Jay Bruce will help the Phillies, and when he's hot, his power will deepen their lineup. He's not exactly the one big bat they were missing, but the Phillies gave up a Single A infielder and are assuming little of Bruce's remaining contract, making the trade a no-brainer.
Bruce's strengths and weaknesses are clear this long into his career. He has as much raw power as anyone and can hit you 30-plus home runs over a full season, especially a season like this one when the baseballs are ... different.
He also won't hit much higher than .220, and he swings and misses a lot (though he doesn't strike out as much as people think).
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Even with Bruce's deficiencies, it's a worthwhile pickup for a Phillies team that isn't getting much from the bottom third of its lineup. They needed another major-league bat with Odubel Herrera's future unclear and the Nick Williams/Maikel Franco combination as unproductive as it has been. It has not looked like Williams or Franco are everyday pieces for a contending team.
Franco is hitting .150/.190/.230 over his last 100 at-bats with one home run. The bottom of the Phillies' order hasn't put stress on many pitchers lately. Acquiring Bruce allows the Phillies to play Bruce in left field, Andrew McCutchen in center and Scott Kingery at third base. Kingery is new to center field and has had some shaky moments. McCutchen can make more of an impact as a very good corner outfielder, but he also still plays a solid center field.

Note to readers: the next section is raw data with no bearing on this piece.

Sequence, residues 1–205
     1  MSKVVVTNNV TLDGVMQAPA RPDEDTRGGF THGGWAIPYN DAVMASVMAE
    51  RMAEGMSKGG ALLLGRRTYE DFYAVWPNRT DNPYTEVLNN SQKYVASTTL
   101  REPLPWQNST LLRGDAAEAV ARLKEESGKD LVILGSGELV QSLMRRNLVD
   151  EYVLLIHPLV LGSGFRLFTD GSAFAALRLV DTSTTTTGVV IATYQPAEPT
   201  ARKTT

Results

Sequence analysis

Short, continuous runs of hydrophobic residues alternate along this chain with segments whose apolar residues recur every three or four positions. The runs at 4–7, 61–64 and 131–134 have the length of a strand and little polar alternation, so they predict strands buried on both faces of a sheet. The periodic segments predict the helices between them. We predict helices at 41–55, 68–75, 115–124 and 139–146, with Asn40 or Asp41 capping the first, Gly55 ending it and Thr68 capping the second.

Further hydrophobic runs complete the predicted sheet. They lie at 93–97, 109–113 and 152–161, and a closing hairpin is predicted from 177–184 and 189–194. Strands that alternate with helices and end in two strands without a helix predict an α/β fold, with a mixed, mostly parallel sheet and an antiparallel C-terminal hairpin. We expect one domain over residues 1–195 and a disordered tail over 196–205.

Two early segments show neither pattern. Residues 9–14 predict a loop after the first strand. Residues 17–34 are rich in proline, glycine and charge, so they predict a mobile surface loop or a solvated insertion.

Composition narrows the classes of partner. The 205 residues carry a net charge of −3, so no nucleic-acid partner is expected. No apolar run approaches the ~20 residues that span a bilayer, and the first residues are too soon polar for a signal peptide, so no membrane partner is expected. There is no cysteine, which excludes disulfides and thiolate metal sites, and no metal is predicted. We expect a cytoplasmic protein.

It's a good move for the Phillies, especially on June 2, seven weeks ahead of the trade deadline. Like they did over the winter with the Jean Segura trade, the Phillies made use of Mariners GM Jerry DiPoto's goal to "reimagine" his roster by shifting playing time from veterans to young players.
The Phillies can definitely use Bruce's power. They rank 23rd in MLB this season in home runs, behind teams like the Mets, Orioles and Blue Jays. (Who saw that coming?)
He isn't the most impactful addition, but Bruce can hit six or seven homers in a two-week stretch, which will help the Phillies whenever that hot streak occurs. It's also fair to wonder how many difference-making bats were even going to come available before the deadline. Some of the league's worst teams and clearest sellers - Baltimore, Toronto, Miami, San Francisco, Detroit - have very little offense to trade, especially in the outfield.
Keep in mind, too, that outfielder Adam Haseley, drafted less than two calendar years ago, is on the doorstep of the majors. As long as he continues to hit at Triple A, the opportunity could be there for him to contribute in the majors this summer and his call-up would be like an acquisition of its own. This Phillies outfield is still evolving.
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